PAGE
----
The Looking Glass

John Hill
13. December 2019
Photo © Evabloem

UNStudio recently completed the renovation of a facade on P.C. Hoofstraat, the exclusive shopping street lined with dozens of Dutch and international fashion boutiques. The Looking Glass, as the architect's call it, features glass boxes that flow like fabric.

Project: P.C. Hooftstraat 138, 2019
Location: Amsterdam. The Netherlands
Client: Warenar Real Estate 
Architect: UNStudio
  • Project Team: Ben van Berkel, Astrid Piber with Ger Gijzen, Marc Salemink, Sontaya Bluangtook and Lars van Hoften, Pauline Caubel, Paul Challis, Tiia Vahula   
Facade Engineer: ARUP  
Facade Contractor: Octatube Nederland b.v. 
Building Area: 240m2 (retail), 130m2 (residential)
Photo © Evabloem

Although both sides of P.C. Hoofstraat are lined with three- and four-story traditional Dutch buildings, the thoroughfare is becoming the site of contemporary interventions that explore the meanings and expressions of glass and brick. In 2016 fellow Dutch architects MVRDV completed Crystal Houses, which opened as a Chanel but then soon after was turned into a Hermes. There the architects used glass bricks to transition between traditional brick on the upper floors and the transparency desired by fashion houses along the street. Crystal Houses was developed, and is owned, by Warenar Real Estate, which also commissioned UNStudio to replace the facade at P.C. Hoofstraat 138. The glass and masonry covers a store at the ground floor, which is to be fitted out by the retail tenant, and a two-story apartment upstairs, where UNStudio also designed the interiors.

Photos © Evabloem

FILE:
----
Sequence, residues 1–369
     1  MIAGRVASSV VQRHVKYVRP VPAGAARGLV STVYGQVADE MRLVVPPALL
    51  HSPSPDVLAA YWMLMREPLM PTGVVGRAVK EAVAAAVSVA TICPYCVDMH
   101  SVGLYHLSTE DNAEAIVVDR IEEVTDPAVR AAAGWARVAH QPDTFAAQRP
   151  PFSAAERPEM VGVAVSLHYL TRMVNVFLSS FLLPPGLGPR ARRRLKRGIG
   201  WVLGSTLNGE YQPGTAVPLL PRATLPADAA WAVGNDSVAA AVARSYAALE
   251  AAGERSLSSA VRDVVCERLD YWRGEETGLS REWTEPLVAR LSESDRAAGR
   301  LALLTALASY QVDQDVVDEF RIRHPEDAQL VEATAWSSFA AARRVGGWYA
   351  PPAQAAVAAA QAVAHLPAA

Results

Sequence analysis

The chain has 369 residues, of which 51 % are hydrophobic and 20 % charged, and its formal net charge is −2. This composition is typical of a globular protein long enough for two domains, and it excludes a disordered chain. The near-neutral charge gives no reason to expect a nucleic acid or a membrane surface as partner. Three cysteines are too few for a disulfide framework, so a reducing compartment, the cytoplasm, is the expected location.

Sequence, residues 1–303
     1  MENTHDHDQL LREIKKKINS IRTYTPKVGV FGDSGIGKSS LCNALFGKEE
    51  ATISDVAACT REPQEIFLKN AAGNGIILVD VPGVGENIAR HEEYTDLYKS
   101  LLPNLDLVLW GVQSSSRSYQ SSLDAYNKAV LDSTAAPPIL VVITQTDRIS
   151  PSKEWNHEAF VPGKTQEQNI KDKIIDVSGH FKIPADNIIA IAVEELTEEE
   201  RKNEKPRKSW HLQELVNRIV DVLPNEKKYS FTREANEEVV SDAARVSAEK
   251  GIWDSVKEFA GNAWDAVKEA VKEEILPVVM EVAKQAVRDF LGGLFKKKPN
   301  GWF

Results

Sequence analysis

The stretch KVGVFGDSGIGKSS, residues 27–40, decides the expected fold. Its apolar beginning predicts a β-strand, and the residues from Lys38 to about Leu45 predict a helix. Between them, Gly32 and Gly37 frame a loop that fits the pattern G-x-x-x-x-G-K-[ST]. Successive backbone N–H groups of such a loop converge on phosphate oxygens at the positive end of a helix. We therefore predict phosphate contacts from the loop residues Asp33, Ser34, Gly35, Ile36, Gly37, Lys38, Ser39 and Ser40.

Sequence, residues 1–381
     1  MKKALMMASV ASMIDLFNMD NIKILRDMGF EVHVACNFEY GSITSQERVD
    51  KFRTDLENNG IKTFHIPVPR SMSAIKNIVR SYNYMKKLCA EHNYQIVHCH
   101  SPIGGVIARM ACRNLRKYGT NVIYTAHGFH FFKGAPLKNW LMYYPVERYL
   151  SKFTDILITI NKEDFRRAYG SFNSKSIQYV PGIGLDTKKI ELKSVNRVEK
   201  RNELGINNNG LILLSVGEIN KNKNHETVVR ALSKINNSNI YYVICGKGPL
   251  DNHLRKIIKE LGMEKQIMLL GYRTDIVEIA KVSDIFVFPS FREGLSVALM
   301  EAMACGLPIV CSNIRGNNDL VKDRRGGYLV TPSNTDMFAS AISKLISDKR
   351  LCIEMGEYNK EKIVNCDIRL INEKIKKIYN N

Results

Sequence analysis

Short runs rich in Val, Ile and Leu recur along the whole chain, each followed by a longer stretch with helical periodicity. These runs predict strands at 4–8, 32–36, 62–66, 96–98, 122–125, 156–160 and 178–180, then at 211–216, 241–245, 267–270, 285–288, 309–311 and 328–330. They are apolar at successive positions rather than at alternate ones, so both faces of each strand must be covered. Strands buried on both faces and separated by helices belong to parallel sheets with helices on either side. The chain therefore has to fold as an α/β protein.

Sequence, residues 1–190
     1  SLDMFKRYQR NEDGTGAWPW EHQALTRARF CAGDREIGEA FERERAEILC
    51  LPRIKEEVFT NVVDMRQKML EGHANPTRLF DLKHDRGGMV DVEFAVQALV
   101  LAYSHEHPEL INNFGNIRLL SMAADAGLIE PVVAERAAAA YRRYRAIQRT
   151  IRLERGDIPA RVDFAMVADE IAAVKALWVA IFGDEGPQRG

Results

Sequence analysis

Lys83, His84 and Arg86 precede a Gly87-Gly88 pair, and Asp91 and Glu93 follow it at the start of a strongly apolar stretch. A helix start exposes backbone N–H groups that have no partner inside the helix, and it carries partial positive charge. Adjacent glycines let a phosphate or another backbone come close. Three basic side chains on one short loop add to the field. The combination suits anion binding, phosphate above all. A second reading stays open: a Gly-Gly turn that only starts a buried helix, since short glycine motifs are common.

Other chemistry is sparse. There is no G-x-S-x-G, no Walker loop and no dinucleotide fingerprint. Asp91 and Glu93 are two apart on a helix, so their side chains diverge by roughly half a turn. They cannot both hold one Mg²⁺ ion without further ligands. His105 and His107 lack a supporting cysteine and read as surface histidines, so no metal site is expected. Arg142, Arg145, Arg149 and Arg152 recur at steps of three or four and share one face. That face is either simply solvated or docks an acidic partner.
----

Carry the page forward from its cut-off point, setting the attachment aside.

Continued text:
Looking at the new facade from the top down amounts to a progression from traditional to contemporary. Windows matching the building's traditional neighbors are found on the top floor. Next, the middle floor has projecting boxes of a similar shape and size but with monolithic panes of glass. Finally, at the base, the glass aligned with the boxes above appears to part, like a curtain, to allow views and access into the shop and access to the upstairs apartment. In the architects' words, "fashion and architecture come together to represent and celebrate the craftsmanship and geometry of high-end, tailored clothing, creating harmony between aesthetics and function."

Photos © Evabloem

The storefront's three structural glass "box elements" were manufactured off site with laminated, annealed low-iron glass and stainless steel edge profiles. The boxes, as indicated in the below drawing, are much deeper than they appear in photos. Next to the boxes are GRC panels that were installed after the glass boxes were delivered to the site; these panels were covered with rigid insulation and then finished with metal strips on the inside and brick slips on the outside. The resulting storefront of prefab glass boxes and shallow masonry creates a contemporary, theatrical take on the traditional architecture of Amsterdam. With Crystal Houses before it, The Looking Glass portends to more architectural experimentation on P.C. Hoofstraat in the future.

Drawing: UNStudio

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